Cardinals "intensify search" for third baseman, reportedly eye Brandon Inge

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Yesterday the Cardinals moved Opening Day third baseman David Freese to the 60-day disabled list and gave 25-year-old rookie Allen Craig his first career start at the hot corner. And in related news, Joe Strauss of the St. Louis Post Dispatch reports that they have “intensified a search for help at the position.”
Tony La Russa said just last week that using Craig at third base “would be the worst thing for him and the team,” but with Freese out for the season with a broken ankle and veteran fill-in Felipe Lopez disappointing both offensively and defensively the manager quickly changed his mind. For now at least.

I don’t think this is really doing [Craig] a justice. It’s one of those moves you make because you have to make it, not because you want to make it. I don’t hesitate to make it because I really think this guy is a gamer, a talented gamer. It’s not really good for our club if he has to do it. He’s a very tough guy. He’s unafraid. We’ll see if we need to throw him out there again.

Craig made an error on the only ball hit to him yesterday, although Strauss described it as “a two-hop, ninth-inning smash.”
As for who the Cardinals are targeting as a longer-term answer at third base, Strauss reports that “the club retains interest in” Brandon Inge, an impending free agent with about $1.5 million left on his contract. With the Tigers three games below .500 and 10.5 games out of first place they’ll no doubt try to pass Inge through waivers to set up a trade, but he may be claimed before getting to the Cardinals.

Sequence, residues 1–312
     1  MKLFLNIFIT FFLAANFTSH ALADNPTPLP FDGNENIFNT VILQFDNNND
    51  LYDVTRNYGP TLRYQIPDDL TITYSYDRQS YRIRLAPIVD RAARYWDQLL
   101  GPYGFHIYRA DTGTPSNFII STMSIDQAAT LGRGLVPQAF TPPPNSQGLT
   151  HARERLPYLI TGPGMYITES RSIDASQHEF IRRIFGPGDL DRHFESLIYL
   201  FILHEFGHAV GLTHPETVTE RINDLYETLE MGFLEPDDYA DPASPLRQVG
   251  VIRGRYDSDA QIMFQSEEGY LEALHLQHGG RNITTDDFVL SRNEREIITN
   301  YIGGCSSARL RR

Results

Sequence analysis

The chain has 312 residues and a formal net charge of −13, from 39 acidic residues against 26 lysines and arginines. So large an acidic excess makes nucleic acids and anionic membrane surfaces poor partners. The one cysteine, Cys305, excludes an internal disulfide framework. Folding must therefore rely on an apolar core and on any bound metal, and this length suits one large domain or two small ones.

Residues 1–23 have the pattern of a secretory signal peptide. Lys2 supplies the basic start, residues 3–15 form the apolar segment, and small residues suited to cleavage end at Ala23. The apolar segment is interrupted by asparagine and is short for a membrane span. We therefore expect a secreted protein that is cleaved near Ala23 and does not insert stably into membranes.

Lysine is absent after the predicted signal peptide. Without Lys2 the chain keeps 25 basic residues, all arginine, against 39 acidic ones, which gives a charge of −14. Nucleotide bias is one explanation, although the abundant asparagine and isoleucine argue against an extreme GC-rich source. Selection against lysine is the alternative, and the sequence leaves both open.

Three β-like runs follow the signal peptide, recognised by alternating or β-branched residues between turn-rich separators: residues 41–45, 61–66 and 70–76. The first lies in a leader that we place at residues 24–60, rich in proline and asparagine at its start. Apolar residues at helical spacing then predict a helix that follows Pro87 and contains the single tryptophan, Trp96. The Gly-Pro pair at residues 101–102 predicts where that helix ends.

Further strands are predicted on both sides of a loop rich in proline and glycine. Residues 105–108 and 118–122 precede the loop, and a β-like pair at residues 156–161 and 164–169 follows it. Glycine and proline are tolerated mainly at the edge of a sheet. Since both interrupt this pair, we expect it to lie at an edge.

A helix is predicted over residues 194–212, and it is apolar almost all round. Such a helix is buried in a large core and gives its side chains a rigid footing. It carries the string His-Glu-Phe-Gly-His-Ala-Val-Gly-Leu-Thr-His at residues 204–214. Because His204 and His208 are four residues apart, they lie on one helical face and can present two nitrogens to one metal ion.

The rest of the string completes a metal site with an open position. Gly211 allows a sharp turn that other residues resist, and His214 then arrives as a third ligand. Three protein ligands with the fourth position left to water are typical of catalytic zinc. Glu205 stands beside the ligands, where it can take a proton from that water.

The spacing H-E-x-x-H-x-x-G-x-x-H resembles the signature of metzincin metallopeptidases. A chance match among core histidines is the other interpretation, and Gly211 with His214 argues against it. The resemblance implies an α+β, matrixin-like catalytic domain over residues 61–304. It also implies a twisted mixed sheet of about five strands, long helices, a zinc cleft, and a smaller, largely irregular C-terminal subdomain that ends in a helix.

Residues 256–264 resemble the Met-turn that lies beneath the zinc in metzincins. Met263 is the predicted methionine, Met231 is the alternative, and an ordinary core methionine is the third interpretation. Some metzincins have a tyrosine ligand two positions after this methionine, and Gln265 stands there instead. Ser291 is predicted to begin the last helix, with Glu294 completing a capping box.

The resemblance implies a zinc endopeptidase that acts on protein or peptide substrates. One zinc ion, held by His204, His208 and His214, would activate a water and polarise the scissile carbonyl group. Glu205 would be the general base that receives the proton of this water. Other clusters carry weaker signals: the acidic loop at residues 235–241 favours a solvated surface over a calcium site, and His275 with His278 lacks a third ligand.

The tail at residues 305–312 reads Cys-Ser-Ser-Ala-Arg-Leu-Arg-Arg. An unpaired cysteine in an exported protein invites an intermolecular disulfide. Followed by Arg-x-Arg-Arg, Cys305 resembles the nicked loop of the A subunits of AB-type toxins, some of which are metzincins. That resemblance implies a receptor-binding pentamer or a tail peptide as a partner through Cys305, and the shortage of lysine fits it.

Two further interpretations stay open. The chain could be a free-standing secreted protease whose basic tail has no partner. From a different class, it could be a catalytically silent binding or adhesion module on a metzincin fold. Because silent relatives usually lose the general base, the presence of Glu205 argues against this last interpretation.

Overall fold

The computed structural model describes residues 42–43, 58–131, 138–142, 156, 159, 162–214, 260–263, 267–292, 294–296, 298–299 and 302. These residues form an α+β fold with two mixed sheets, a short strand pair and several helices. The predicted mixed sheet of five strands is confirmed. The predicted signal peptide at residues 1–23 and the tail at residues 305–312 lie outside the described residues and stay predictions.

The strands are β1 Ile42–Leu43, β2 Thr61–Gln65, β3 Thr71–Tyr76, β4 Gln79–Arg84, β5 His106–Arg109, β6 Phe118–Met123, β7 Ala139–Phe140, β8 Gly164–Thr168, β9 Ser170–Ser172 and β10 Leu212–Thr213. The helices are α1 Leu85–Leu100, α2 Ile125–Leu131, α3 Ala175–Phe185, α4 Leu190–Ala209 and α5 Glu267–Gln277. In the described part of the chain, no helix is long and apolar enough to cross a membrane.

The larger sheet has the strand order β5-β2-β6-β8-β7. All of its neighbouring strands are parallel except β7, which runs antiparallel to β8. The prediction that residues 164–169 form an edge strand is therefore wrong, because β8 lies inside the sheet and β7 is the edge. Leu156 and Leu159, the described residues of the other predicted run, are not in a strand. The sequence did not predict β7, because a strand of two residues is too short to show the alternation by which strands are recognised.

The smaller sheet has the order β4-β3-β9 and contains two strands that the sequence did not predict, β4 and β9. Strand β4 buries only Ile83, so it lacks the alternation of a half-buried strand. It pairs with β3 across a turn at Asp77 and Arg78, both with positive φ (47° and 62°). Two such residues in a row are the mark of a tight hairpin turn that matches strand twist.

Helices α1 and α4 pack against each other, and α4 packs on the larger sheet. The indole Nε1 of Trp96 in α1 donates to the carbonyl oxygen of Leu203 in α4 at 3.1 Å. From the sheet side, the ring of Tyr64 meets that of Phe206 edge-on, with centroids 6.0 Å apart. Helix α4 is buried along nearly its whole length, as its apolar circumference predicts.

Jered Weaver dealing with “dead arm”

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Padres starter Jered Weaver lasted just two-thirds of an inning in Wednesday afternoon’s Cactus League appearance against the Royals. He yielded four runs on three hits, throwing 31 pitches before getting pulled. His spring ERA now sits at an ugly 10.13.

Weaver said he’s been dealing with a “dead arm” since his last bullpen session, but added he’s dealt with the issue in previous springs, Dennis Lin of the San Diego Union-Tribune reports.

The Padres signed Weaver to a one-year, $3 million contract last month. The right-hander is coming off of the worst season of his 11-year career. His fastball averaged a career-low 83 MPH and he put up a 5.06 ERA with a 103/51 K/BB ratio in 178 innings.

Ian Kinsler doesn’t think Puerto Rico or Dominican Republic players play the game the right way

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Update: Whoops…

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Earlier, Craig wrote about Dan Duquette’s dogwhistle language in his criticism of Blue Jays outfielder Jose Bautista. We have some more dogwhistling, this time coming from Tigers (and Team U.S.) second baseman Ian Kinsler. Via Billy Witz of The New York Times:

I hope kids watching the W.B.C. can watch the way we play the game and appreciate the way we play the game as opposed to the way Puerto Rico plays or the Dominican plays. That’s not taking anything away from them. That just wasn’t the way we were raised. They were raised differently and to show emotion and passion when you play. We do show emotion; we do show passion. But we just do it in a different way.

The goal of the World Baseball Classic, created by Major League Baseball, is to promote baseball across the globe. It’s players like Puerto Rico’s Javier Baez who are doing the best job in that regard, not boring white guys from the U.S. Potential baseball fans are not swayed into liking the sport when a player hits a home run and solemnly puts his head down to stroll the bases. They get excited and energized when players show emotion, flip their bats, celebrate. Baez did more to make baseball appeal to new and lapsed audiences with his premature celebration tag than the entire U.S. team has done this tournament.

Furthermore, it is hypocritical to want to diversify the sport’s audience while squelching incoming cultures.

Jim Leyland also got in on the action:

Go Puerto Rico.